A guide to the Barolo villages


The Barolo region is a patchwork of diverse villages and terroirs, each offering its own distinct character. Italy Buyer Davy Żyw outlines the key Barolo villages to look out for.

The 2018 vintage gives us a soft rose-tinted lens, through which one can explore the details of this ancient landscape. This vintage is not one of extremes, but we find that each village – and even producers within the same village – had different experiences of the growing year.

This underscores how complex this terroir is, and Nebbiolo’s talent to express its fine details. The ’18 release gives us a transparent view into the character of the village, the role of vineyards within multi-vineyard and village blends, and an insight into the monolithic expressions of single crus. This year, in particular, has seen clear-cut distinctions between site and villages styles.

The Langhe is home to some of the oldest soils on the planet, pushed to the surface as the African and Euroasian tectonic plates collided together, creating the Alps. Over millennia, the Piedmontese Ligurian Tertiary Basin began to sink back towards the sea, pushing even older soils to the earth’s surface.

The oldest soils in the region are located in the east of the region, dating back to the Helvetian period. Here, we find the ancient white soil and marls of Serralunga, Monforte and Castiglione Falletto. We also find some of the region’s youngest soils – some 5 million years old – in the west, in La Morra and Verduno. These date back to the Tortonian age; they are rich with sand and clay, with mineral blue marl. A general rule when observing the wines of Barolo is that the older soils give more finesse, with finer, but firmer, tannins and minerality; whilst the younger dark soils give greater fruit volume and thicker tannin structure.

But there are many exceptions. Different stratas which have been exposed over time – such as Diano sandstone and limestone-rich Sant’Agata marl – play an important role all over the region. This is a common factor in many of the best vineyards. Altitude, too, plays an important role – principally, for climatic reasons, but it also provides a vital key to understanding the region’s complex geology. Hillsides exfoliate over time, exposing a variety of soils at different elevations.

Generally, there is a connecting thread in each of the villages, linking styles and character based on soil type, altitudes, exposures and microclimates. We are lucky to work with a strong pedigree of producers who make wines so illustrative of their village personality – and of Barolo as a whole.


La Morra is the largest of all the Barolo vineyard areas, and the furthest west. As with our three La Morra-based Barolisti, producer philosophies vary here, as does the range of aspects and altitudes. The top vineyards are grown on calcareous Sant’Agata marl, the best of which are on the eastern flank of La Morra’s ridge. There are many naturally south and south-east-facing amphitheatres carved into the hillside below the town’s terracotta clocktower, above Marcarini’s cantina. Grand Cru-worthy Rocche dell’Annunziata is a jewel in the village’s crown, known for the elegance, depth and quality of tannin it gives. But nearby Brunate, which means “roasted” in the local dialect, gives wines of broader structure, earthy complexity and power.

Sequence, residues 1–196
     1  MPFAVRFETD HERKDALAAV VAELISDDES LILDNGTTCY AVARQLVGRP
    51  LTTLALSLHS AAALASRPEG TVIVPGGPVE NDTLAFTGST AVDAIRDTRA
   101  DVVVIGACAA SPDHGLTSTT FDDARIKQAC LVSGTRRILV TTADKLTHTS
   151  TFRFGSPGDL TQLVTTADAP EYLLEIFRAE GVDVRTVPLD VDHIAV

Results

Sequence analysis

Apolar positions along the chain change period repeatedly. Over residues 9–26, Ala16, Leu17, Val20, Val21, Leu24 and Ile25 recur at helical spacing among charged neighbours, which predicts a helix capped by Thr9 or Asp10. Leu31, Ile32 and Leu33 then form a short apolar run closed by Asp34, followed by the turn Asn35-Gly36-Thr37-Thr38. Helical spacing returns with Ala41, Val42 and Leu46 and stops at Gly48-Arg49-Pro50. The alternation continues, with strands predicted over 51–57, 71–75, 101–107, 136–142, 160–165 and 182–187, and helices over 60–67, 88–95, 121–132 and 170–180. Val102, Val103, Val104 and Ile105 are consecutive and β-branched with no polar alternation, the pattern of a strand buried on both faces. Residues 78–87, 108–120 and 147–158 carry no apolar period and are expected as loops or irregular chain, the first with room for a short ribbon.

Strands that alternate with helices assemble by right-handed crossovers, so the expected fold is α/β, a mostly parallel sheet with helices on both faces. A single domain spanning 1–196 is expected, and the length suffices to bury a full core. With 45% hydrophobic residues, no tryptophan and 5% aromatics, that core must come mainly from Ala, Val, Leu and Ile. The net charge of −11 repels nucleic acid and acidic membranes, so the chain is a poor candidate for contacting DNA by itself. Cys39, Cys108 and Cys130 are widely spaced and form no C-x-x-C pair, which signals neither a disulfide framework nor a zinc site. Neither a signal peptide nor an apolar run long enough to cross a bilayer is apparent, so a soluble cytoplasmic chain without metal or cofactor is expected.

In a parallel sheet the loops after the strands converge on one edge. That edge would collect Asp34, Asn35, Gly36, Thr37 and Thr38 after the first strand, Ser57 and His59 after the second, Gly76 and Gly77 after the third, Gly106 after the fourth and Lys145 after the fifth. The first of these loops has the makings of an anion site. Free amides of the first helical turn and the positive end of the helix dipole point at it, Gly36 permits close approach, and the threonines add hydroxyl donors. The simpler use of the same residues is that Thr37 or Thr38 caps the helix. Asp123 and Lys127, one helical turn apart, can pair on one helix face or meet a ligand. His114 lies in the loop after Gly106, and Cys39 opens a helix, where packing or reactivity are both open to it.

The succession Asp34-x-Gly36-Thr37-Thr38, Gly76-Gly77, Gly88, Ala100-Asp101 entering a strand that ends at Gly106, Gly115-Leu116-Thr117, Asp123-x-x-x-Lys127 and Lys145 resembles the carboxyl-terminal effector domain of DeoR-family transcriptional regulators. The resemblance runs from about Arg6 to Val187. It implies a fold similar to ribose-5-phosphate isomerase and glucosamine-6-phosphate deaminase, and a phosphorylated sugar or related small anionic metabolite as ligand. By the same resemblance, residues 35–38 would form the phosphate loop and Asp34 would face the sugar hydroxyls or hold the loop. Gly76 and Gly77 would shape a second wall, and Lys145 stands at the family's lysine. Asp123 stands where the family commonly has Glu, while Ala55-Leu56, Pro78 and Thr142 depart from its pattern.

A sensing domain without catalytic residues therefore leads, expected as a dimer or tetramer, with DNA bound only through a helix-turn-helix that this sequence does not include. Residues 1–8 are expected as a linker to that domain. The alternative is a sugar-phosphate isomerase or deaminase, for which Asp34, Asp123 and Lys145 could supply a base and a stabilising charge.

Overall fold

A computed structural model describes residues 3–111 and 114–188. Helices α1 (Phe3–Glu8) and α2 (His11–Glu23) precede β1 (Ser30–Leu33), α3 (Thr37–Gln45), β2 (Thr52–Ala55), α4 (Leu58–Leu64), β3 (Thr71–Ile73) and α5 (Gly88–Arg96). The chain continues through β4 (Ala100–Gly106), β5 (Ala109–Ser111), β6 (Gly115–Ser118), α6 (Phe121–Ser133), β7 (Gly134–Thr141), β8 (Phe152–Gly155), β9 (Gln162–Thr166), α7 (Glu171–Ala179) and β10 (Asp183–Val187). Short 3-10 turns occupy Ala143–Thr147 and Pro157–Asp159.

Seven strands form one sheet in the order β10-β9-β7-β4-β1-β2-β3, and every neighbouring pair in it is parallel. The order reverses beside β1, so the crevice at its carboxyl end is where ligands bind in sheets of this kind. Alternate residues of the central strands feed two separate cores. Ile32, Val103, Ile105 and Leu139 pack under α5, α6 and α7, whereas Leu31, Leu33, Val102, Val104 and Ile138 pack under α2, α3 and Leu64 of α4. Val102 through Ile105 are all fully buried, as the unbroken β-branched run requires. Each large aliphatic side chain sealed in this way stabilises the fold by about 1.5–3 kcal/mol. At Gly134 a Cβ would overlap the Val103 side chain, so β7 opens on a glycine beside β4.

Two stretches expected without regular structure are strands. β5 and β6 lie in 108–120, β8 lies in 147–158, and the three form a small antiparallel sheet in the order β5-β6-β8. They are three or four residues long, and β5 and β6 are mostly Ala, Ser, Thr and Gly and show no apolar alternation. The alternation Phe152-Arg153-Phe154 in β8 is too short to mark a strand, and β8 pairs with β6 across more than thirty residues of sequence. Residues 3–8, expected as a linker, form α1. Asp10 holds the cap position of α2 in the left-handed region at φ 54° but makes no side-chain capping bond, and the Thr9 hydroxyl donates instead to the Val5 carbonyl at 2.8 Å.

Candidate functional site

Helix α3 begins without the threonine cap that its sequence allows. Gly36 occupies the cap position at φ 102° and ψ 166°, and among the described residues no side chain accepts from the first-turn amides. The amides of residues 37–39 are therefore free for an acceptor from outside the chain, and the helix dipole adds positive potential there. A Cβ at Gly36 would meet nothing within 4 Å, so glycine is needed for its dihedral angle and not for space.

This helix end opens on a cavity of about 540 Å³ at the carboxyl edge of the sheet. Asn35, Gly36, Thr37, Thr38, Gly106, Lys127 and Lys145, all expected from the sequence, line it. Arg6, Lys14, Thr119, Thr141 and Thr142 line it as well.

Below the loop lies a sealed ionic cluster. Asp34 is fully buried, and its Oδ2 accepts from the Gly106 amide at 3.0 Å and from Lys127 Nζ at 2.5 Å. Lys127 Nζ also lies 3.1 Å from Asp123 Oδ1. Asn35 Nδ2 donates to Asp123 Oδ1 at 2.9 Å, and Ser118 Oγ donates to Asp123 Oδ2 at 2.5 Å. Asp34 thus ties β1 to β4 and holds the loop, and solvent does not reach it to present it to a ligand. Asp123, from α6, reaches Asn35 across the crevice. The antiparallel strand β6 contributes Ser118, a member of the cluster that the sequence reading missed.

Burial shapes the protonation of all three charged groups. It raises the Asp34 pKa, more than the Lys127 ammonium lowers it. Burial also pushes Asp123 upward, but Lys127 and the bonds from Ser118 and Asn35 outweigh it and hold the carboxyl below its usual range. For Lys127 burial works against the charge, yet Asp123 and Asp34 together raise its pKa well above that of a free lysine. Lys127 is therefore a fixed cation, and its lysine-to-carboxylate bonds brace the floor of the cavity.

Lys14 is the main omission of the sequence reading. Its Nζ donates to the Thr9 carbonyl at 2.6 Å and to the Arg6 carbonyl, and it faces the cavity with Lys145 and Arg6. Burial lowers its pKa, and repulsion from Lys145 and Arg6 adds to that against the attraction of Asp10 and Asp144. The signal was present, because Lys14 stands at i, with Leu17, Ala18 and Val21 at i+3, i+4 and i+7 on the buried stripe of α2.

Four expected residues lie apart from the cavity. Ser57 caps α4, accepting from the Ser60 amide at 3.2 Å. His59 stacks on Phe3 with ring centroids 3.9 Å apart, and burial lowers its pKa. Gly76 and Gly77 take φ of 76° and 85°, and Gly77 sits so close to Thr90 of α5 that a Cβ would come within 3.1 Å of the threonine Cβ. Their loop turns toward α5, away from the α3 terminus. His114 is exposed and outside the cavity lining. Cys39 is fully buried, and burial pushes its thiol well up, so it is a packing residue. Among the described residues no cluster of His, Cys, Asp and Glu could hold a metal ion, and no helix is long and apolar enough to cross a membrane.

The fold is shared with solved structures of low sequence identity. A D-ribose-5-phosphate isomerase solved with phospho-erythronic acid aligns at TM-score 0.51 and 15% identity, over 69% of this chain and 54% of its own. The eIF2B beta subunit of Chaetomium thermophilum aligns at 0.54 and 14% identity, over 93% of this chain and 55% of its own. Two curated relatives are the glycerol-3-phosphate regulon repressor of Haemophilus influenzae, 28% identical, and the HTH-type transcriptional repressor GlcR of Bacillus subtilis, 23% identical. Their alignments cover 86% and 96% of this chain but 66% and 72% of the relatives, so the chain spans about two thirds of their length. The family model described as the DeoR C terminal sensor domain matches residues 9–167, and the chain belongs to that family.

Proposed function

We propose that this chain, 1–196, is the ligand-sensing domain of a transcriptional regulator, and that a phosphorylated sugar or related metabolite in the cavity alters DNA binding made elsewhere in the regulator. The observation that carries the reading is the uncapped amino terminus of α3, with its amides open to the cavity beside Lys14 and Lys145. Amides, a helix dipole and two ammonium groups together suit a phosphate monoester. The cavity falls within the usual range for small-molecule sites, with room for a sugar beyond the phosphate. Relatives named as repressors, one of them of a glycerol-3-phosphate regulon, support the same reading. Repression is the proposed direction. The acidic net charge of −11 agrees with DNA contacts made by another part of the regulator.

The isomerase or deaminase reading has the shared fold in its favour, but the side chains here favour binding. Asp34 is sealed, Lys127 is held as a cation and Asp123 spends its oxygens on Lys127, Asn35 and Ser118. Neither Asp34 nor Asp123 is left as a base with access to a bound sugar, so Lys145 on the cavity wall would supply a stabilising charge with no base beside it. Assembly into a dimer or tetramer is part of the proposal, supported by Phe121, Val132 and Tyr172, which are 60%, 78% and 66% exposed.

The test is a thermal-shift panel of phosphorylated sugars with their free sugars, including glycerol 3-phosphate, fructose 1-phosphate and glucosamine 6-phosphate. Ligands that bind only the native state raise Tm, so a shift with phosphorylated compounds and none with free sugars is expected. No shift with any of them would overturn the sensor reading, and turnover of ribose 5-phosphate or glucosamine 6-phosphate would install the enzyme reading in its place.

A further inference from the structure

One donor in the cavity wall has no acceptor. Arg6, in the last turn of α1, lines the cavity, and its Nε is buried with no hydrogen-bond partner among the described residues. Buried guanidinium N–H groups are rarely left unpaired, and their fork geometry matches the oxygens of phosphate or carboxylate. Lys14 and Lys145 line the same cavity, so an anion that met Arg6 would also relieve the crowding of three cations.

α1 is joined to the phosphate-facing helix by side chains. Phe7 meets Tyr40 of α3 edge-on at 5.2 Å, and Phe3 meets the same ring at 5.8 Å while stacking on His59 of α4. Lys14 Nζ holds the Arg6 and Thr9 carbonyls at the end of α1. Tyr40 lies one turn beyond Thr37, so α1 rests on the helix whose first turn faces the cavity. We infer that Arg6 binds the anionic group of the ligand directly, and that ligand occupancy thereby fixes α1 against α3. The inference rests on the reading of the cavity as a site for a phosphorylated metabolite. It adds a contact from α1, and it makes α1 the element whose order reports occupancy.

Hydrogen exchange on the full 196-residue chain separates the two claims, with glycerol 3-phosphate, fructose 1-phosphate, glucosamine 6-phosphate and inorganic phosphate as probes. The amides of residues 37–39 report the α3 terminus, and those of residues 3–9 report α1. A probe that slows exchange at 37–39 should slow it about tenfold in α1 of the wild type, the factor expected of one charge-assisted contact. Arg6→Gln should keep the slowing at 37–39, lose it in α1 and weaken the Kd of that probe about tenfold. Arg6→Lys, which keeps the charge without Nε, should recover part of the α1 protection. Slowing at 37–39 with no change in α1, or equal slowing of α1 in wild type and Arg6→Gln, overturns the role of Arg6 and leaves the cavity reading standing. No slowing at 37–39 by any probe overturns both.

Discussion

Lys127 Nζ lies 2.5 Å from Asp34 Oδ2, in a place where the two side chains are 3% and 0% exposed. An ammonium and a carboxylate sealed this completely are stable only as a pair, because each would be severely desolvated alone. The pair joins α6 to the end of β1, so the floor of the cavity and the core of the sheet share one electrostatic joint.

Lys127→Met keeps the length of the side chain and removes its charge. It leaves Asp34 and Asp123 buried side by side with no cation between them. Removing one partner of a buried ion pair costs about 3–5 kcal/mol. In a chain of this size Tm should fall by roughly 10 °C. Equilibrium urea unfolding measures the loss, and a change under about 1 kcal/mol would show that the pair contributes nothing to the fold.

The most famous vineyards here rival the greatest sites in the whole region, but there are other sites which showcase La Morra’s wider appeal and personality clearly. Alessandro Veglio’s careful hand articulates the subtle differences of his Arborina and Gattera sites, both showcasing such individual expressions of village and vineyard but woven with the fleshy La Morra charm. The thread of the villages’ vineyards is that many are planted on younger, heavier Sant’ Agata marl which is laced by silt and calcareous layers. This gives gloss, elegance and richer fruit weight to the wines, compared to other villages.

As demonstrated by Marcarini’s Comune di La Morra Barolo, the village wines here are less tense and more pleasing in youth than other villages. Minerality plays a supporting role rather than the headline; aside from the cellar-worthy top crus, the wines offer fuller, juicier fruit with spicy aromatics. This is a village which offers the perfect introduction to new Barolo enthusiasts, but equally has something to offer to the most passionate collectors of the region’s best wines.

Photography: Jason Lowe


The most central of the villages, the hilltop Castiglione Falletto forms a naturally fortified island above two rivers on either side. These rivers have sculpted some of the steepest vineyards in the area, revealing an incredible diversity of soils – spanning the white calcareous soils of Serralunga d’Alba; the mineral-flecked Sant’Agata marl found in Barolo and La Morra; and the lighter, alluvial sand, which lends elegance and aromatics to the wines.

Although Mario Fontana’s winery is in technically in Monforte d’Alba, his heart and soul is in Castiglione Falletto. In 2018, he chose to blend his top Villero and Valleti cru into his Barolo Classico, showcasing the village’s finesse.

This year, we include two of the most desired sites in the village, courtesy of Federico Cerretto, including his inaugural release of Rocche di Castiglione. But his crown vineyard – the highest in the village – is Bricco Rocche. This cooler site is one of the village’s greatest expressions, illustrative of the class of Castiglione Falletto’s terroir.

The wines of the village are filled with an unmistakable floral perfume. They combine elegance, vivid minerality and sweeter tannins, more than any other village – but are by no means less serious.

Castiglione Falletto